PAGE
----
“Then kneel in supplication and obeisance, like the worm thou art,” said the voice.
“But my lord,” I said, “There is dog shit here in the driveway.”
“Then kneel in that,” said the voice. “And be happy it is nearly frozen. It was soft and warm when Bregstein was here earlier today.” (Dick Bregstein is my riding partner.)
The voice further demanded the nature of the service I sought. I explained some fluids needed changing, that I wanted the timing looked after, and that perhaps the cooling fan mechanism needed replacing...
“Silence,” boomed the presence. “I will tell you what needs replacing. I am the mechanic."
“Yes, my lord,” I squeaked.
“Hast thou touched this bike in any way?”
I was afraid to utter a sound.
“Hast thou attempted to do anything on this bike yourself, thereby making a simple job far more complicated than it needs to be?”
I nodded, and lightning flashed through the shop. Distant cattle lowed and a baby cried somewhere down the street.
“Are all the parts there at least?” asked the voice dripping with malevolence.
“I think so,” I said. “There was this one little black screw, in the shape of a rhombohedron, that fell into the sewer grate...
“Aaaaaaarrrrgh,” screamed the voice. “And did you think that I would come across the missing central rhombohedran master adjustment screw blessed by Pope John Paul II thnking I’d lost it?”
I am not ashamed to tell the gentle Twisted Roads reader that I pissed myself standing right there, because that was my scam to the letter.
“Leave the bike, yet slink thee away like the vermin ye are.”
And then I opened my mouth one more time, nearly consigning myself to hell. “When will my bike be ready?" I asked.
“Return thee to thy hovel and sit by the phone,” said the voice. “It will be ready before the hyena, who was probably thine father, can shriek in night three times. Wait until my call, then sell all your possessions. Put the proceeds in a brown paper bag and bring it hence.”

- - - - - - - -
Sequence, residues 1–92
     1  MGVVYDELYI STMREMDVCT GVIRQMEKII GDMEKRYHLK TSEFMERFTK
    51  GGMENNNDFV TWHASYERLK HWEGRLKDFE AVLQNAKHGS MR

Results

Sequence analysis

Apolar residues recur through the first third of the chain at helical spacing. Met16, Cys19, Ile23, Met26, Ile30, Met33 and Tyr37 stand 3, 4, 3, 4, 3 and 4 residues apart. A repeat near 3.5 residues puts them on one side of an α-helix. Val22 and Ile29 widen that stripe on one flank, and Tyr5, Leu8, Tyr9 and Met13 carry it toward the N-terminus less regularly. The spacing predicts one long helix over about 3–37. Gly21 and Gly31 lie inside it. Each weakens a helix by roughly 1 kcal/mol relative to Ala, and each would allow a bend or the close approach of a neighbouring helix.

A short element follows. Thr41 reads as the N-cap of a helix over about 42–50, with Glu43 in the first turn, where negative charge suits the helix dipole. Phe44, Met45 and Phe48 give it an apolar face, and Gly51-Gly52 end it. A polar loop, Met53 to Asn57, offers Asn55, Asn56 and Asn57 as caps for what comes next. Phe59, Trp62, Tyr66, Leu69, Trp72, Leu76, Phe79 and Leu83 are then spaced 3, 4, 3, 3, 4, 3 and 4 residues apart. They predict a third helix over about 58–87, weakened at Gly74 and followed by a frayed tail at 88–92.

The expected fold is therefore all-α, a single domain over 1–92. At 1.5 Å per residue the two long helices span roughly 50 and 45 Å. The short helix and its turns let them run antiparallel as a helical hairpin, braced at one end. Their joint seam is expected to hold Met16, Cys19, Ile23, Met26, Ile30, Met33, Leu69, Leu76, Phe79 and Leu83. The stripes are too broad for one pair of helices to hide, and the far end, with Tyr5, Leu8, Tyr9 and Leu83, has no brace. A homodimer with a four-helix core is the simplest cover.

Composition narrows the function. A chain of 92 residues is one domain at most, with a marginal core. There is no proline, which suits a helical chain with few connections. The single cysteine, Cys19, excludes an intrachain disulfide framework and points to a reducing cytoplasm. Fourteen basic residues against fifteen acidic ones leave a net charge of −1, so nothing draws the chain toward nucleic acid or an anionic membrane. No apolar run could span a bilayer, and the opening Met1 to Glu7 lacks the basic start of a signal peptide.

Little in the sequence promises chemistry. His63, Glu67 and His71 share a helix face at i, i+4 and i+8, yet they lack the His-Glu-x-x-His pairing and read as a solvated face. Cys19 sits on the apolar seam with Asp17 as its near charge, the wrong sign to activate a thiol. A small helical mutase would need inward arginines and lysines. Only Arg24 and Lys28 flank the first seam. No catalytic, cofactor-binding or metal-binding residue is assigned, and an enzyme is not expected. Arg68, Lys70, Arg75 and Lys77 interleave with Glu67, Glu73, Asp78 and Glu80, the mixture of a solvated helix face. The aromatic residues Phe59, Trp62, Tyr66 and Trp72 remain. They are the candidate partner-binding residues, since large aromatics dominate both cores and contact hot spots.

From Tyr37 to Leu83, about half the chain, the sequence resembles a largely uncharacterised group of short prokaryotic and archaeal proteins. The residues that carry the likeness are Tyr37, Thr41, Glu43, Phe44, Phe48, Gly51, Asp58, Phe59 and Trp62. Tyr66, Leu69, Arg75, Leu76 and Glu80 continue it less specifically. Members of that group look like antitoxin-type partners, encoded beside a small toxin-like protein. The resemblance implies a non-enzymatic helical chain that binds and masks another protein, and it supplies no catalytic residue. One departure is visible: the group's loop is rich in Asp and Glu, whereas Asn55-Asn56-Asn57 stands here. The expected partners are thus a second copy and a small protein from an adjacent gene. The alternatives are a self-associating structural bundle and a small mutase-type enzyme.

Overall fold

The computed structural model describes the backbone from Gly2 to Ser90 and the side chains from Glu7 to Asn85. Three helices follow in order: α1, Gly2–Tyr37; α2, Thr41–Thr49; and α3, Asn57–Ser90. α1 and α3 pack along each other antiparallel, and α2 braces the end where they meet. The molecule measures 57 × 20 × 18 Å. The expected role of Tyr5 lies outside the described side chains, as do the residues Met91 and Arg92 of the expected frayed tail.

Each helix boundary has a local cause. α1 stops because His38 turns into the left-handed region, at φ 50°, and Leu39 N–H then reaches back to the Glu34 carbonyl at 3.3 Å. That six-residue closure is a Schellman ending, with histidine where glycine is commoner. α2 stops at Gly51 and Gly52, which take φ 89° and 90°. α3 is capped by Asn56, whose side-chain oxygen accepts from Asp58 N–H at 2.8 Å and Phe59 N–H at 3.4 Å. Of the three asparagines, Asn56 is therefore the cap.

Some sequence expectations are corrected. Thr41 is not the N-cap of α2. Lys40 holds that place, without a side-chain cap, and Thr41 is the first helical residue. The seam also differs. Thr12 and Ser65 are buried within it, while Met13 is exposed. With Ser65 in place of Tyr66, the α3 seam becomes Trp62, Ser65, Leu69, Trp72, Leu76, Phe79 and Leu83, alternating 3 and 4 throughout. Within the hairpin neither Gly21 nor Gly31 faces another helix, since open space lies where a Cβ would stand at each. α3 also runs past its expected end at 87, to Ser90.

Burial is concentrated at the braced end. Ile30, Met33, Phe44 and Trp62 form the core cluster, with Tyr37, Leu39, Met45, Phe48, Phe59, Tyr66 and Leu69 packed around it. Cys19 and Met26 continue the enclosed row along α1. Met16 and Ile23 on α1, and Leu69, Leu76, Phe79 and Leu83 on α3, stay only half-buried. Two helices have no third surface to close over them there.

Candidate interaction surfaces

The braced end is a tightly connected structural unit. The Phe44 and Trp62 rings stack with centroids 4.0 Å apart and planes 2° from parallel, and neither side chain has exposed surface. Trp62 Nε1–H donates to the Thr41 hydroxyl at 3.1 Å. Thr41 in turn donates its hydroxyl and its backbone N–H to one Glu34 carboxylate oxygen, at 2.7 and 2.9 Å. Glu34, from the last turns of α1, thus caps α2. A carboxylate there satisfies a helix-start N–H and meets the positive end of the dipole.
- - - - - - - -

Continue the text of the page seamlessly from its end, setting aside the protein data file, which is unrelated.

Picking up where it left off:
That was the first time I ever showed up at Betty Lou Johnson’s garage door with my helmet in my hands. I go back pretty much every year, for several reasons:
a) I have one of the best running bikes around and I doubt it is a coincidence.
b) I never get a line of bullshit, just straight information.
c) Betty Lou Johnson is an intuitive mechanic who understands his role in my life. He will service everything on my list, and then check out the whole bike. He won’t change the tires and give me the bike back needing brakes.
d) His thoroughness saves me money. By using OEM parts and keeping the bike to factory specs, I avoid excessive wear and unpleasant surprises.
e) Betty Lou is factory trained. The kid with the least experience in the shop is the one usually entrusted with changing the oil, brakes, and tires, working on a range of bikes. At Betty Lou’s shop, the top guy looks at everything.
f) I have never waited longer than two days to get my bike back.
g) Betty Lou gives me good advice for free. He told me “to shut the fuck up” just the other day, and that turned out okay.
h) Out of all the people who make fun of me for being inept, fat, or just a trifle odd, he does it better, with true élan.
Nevertheless, I feel compelled to make certain recommendations to the impressionable Twisted Roads reader, who is undoubtedly interested in improving their relationship with a mechanic.
1) If you are planning on getting your bike serviced this spring anyway, why not do it now? The mechanic can probably use the business and this is one time of the year when the bay is less crowded.
2) In reporting a problem to the mechanic on the phone, in which you are doing your best to imitate a short in the wiring harness, do not expect a pinpoint analysis — including cost parameters. The mechanic is going to have to look at the bike.
3) Don’t bother calling the shop on April 3rd, with temperatures in the 60‘s, to ask if they are busy.
4) In a shop with a great reputation for service, calling for a service date in April will usually get you one in June.
5) Calling the shop every day to ask “Is it ready yet,” will not endear you to the service manager nor the mechanic. Getting the bike in for service during a lull in activity can’t hurt.
Winter is the night of all seasons... Sweet dreams. There are 59 days until spring.
©Copyright Jack Riepe 2011
AKA The Lindbergh Baby (Mac-Pac)
AKA Vindak8r (Motorcycle Views)